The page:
Twenty-five years after the Los Angeles Riots engulfed Los Angeles, the Kiwanis of La Cañada La Crescenta-AM Club hosted guest speakers Don Manning, a retired L.A. City Fire Chief and La Cañada Flintridge resident, and California Highway Patrol officer Jeff Strobel.
Manning shared his experience of April 29, 1992, the start of three days of rioting. He spoke of the unrest that broke out in Los Angeles after the acquittal of four police officers involved in the Rodney King beating, when members of public safety departments worked bravely to respond to the violence. One of them was Strobel.
By 7 p.m. that night in 1992, there was a rapid escalation in incidents involving fire, paramedic and police services. The LAFD, in conjunction with the L.A. Police Department, opened a command center at 54th Street and Arlington Avenue.
Battalion Chief Tim Manning (a 1977 LCHS graduate) was placed in charge of the fire service portion of the Command Center. Mutual aid was requested from the fire service throughout the state and LAFD received approximately 2,000 firefighters from throughout California.
During the evening of April 29 and into the morning of April 30, LAFD personnel were targeted by rioters, some of whom fired shots at fire vehicles and rescue ambulances. In one case, a vehicle pulled alongside a moving aerial ladder truck and shot the apparatus operator, hitting the carotid artery. He was rushed to the hospital and his life was saved.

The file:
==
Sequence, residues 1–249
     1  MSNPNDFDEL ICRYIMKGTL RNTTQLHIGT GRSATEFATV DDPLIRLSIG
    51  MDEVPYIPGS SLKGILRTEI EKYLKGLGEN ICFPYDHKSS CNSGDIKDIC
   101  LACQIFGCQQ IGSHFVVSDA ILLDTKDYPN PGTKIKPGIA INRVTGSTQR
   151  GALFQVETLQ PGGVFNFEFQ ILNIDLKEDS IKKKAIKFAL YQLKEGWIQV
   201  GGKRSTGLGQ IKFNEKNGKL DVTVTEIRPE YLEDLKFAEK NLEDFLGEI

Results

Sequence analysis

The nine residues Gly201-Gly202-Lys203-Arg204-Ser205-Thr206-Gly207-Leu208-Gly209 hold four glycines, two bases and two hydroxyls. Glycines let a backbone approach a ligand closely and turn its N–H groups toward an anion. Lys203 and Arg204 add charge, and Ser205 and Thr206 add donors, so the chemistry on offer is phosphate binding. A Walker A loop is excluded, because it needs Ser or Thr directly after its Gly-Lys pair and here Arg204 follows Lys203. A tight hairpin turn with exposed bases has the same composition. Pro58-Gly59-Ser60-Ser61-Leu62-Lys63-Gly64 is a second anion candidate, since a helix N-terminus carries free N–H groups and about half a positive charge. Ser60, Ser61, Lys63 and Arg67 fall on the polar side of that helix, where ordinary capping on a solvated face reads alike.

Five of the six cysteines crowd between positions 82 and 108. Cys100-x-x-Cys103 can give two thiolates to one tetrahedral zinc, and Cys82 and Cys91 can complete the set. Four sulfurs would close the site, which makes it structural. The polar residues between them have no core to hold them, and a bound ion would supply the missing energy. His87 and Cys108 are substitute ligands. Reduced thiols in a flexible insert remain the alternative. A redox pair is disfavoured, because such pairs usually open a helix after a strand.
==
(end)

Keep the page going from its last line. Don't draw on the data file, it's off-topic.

A vehicle occupied by Battalion Chief Terry Manning (a 1973 LCHS graduate) was stopped by rioters, including a man who sank a fireman style axe into the roof above the chief’s head. And as the Battalion Command team moved ahead, a window was smashed on the side of the car with a heavy metal bar. Later, they were stopped by a rioter holding a magnum bottle of champagne, which he threw through the windshield.
As the evening wore on, the situation grew worse, as LAPD forces were unable to meet LAFD requests for security.
On the morning of April 30, Don Manning requested that a representative of LAPD; FBI; Bureau of Alcohol, Tobacco, Firearms and Explosives; National Guard and the CHP meet with him. He laid out what was happening to the fire service and paramedics and asked everyone in the room if they could provide assistance. Everyone’s reply was, “Sorry, but we cannot help,” until he got to the last man, CHP Chief Ed Gomez. He said, “What do you need, Chief?”
Three hundred cars with officers were on the road within the hour, escorting the fire trucks and ambulances and protecting fire stations that might come under attack. Manning said he’ll never be able to thank the CHP enough.